JERUSALEM -- With Israel reeling from its worst wave of Arab violence in years, including the shooting deaths of two policemen yesterday, the government indefinitely sealed off the occupied West Bank and Gaza Strip yesterday.
The government also relaxed the rules under which its soldiers may fire at armed Palestinians.
Prime Minister Yitzhak Rabin went on national television last night to urge that Israelis stand firm in "an all-out war against terrorism." But he also acknowledged what everyone in Israel already knew: that the country was "in the midst of a difficult period" of lethal attacks, with no end in sight.
Although Mr. Rabin's center-left coalition seems in no immediate danger, political commentators say there has been a loss of popular support for a leader who entered office nearly nine months ago promising to protect Israelis' personal safety while moving rapidly toward a peace agreement with the Palestinians.
Instead, he has no peace accord, and he must contend with a shriveled sense of security among many of his people.
It is far from the first time that the territories have been shut. Sometimes, closings have lasted only a few days. The longest period in recent years was six weeks in 1991, during the Persian Gulf war.
Some government officials say the prevailing public mood of outrage and fear may limit the prime minister's ability to make compromises to help restart the stalled Middle East peace talks and then move them in a purposeful direction. "The whole situation makes it much more difficult for the government to maneuver," one official said.
Since the start of the Palestinian uprising in December 1987, there has not been a period of such sustained anti-Israel violence as in the last month. Just about every day, there have been stabbings and shootings, leaving 15 Israelis dead in March, more than in any month in several years. The number of wounded is higher still.
No matter how bad the violence has been for Israelis, the casualty rate remains much higher for Palestinians in their encounters with Israeli soldiers.
But the relentlessness of the recent attacks has been a shock for Israelis. Tabloid newspapers have contributed to the mood with enormous pictures of gore -- one Monday of a blood-drenched victim with a knife sticking out of his back.
People have been whipped into "a state of mass hysteria that plays into the hands of the terrorists," said Prof. Ariel Merari, a terrorism specialist at Tel Aviv University.
In the last day alone, the death toll climbed by three.
A Jewish settler was fatally stabbed Monday night by an Arab in the Gaza Strip, and two traffic policemen were shot in the head at close range early yesterday as they sat in their patrol car in Hadera, which is 25 miles north of Tel Aviv, well within Israel's pre-1967 borders.
Later, an armed wing of the Hamas movement of Muslim militants took responsibility. Hamas was the main target of Mr. Rabin's deportation in mid-December of more than 400 accused militants from the occupied territories to Lebanon, an action that produced worldwide condemnation of Israel and complicated efforts to get the peace negotiations going again.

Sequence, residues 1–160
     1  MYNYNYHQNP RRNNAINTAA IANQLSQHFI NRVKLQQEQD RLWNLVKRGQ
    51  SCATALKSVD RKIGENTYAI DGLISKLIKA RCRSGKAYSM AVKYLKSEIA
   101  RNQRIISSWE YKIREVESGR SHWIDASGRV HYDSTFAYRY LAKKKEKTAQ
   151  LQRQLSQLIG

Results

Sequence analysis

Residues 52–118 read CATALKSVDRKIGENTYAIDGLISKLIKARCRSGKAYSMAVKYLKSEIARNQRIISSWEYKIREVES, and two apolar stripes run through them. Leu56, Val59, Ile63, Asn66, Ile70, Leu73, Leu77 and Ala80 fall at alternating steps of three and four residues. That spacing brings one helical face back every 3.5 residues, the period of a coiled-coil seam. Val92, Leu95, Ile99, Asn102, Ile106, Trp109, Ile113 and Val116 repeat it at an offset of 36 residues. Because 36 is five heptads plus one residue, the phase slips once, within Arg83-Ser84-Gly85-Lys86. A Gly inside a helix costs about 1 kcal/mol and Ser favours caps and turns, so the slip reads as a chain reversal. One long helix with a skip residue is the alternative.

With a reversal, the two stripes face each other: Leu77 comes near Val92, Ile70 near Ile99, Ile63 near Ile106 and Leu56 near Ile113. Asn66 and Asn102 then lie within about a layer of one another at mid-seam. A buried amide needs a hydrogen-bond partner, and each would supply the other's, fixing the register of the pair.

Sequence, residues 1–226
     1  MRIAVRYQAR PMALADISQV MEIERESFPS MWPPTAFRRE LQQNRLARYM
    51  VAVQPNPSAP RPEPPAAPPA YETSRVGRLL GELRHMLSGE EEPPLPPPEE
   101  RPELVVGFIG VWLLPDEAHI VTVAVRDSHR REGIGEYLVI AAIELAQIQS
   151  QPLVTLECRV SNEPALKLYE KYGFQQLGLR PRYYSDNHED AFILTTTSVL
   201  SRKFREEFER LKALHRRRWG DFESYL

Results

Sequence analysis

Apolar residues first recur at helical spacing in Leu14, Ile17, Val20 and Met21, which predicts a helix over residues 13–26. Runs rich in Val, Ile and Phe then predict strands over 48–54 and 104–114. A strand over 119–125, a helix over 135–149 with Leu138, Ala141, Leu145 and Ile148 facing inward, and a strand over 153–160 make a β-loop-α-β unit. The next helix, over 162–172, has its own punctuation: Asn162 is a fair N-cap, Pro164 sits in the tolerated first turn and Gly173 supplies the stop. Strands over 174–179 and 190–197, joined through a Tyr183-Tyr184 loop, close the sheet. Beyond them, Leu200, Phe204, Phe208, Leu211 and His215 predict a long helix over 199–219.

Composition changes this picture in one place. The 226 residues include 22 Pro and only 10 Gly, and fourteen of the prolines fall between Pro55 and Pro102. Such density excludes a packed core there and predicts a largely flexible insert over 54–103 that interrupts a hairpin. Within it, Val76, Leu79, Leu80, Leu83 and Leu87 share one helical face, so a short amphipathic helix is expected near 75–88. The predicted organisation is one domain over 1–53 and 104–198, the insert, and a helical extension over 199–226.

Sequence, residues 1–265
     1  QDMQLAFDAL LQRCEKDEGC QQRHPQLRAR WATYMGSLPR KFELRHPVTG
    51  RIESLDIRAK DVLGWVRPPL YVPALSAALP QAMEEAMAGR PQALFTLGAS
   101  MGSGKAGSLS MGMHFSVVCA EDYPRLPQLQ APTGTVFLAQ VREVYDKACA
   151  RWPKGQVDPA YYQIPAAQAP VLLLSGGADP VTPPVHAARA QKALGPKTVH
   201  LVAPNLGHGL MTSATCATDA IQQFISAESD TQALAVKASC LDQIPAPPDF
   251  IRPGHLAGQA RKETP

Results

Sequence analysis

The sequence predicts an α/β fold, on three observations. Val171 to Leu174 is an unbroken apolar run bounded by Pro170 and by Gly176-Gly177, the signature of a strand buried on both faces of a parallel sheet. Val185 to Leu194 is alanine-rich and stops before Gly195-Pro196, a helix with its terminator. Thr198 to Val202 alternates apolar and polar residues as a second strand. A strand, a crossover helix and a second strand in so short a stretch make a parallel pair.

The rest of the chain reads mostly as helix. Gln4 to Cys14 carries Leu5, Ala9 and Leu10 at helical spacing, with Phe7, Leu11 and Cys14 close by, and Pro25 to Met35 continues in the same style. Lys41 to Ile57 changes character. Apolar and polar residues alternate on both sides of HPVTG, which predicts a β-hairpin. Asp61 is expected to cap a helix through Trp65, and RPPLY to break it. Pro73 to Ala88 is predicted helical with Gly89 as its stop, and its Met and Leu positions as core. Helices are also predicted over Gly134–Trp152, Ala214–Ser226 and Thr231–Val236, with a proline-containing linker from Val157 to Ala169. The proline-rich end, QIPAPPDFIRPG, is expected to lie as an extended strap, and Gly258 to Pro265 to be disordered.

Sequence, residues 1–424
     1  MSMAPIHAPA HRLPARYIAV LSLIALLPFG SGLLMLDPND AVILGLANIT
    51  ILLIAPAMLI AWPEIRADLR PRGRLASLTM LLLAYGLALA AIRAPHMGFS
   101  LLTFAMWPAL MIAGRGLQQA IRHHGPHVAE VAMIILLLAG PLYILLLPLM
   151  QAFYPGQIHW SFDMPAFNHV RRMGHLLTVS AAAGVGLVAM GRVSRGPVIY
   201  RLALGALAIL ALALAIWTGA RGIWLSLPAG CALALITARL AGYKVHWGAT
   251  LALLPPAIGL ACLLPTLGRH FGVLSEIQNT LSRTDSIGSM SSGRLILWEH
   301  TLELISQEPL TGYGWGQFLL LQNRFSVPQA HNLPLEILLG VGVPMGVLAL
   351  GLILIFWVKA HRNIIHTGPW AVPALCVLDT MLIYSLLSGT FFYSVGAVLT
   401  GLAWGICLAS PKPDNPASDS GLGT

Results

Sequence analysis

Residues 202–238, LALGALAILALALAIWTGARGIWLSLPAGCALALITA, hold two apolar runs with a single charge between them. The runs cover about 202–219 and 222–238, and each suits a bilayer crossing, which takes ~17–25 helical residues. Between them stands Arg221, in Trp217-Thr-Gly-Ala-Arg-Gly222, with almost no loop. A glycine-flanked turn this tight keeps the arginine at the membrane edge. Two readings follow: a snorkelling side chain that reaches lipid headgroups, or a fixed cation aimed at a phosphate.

While Israel insists that those expulsions seriously damaged Hamas operations, terrorism obviously has not disappeared, a point reinforced yesterday with the killing of the two policemen.
Under pressure to act swiftly, the prime minister called his Cabinet into emergency session and then announced that the 1.8 million Palestinians in Gaza and the West Bank would be barred from entering Israel until further notice. Ever-roiling Gaza was already sealed off Monday.
The goal, officials said, is a cooling-off period for the Arab and Jewish populations -- a move intended, some said, not just to protect Israelis from possible attacks but also to make it less likely that Palestinians will suffer Israeli reprisals.
Thus far, the sharpest reactions to the killings have come from Jewish settlers in the territories, who have intensified street protests and their own violence. Palestinians in Gaza said settlers had taken revenge yesterday for the latest killing there by setting fire to a mosque in the town of Khan Yunis.
Mr. Rabin promised stepped-up army operations in the territories and announced new open-fire regulations for soldiers, saying they may shoot at any Palestinian carrying a weapon, even someone in no position to use it.
In the past, soldiers' lives had to be in immediate danger before they could fire.
The time has also come, the prime minister said, for Israelis to end their dependence on cheap Arab labor, so that there will be fewer Palestinians in their midst and fewer opportunities for terrorism.
In past struggles, he said last night, "we didn't win by the strength of our weapons, but rather by the strength of our spirit and the staying power of the people, standing behind the army even in times of trouble."
But if Mr. Rabin viewed the fight against terrorism as a war, he did not enjoy instant national cohesion. Instead, he found himself accused by right-wing opposition parties, led by Likud, of doing too little, too late.
Many on the right accused the prime minister himself of inspiring Arab violence by having been conciliatory in the peace talks, and some called on him to step aside in favor of an ill-defined government of national unity with emergency powers.
For their part, Palestinians denounced this latest shutdown of the territories as a form of collective punishment that would deny a regular income to hundreds of thousands of people.
Faisal Husseini, the Palestinian leader in East Jerusalem, called the closing "a new obstacle to the peace process."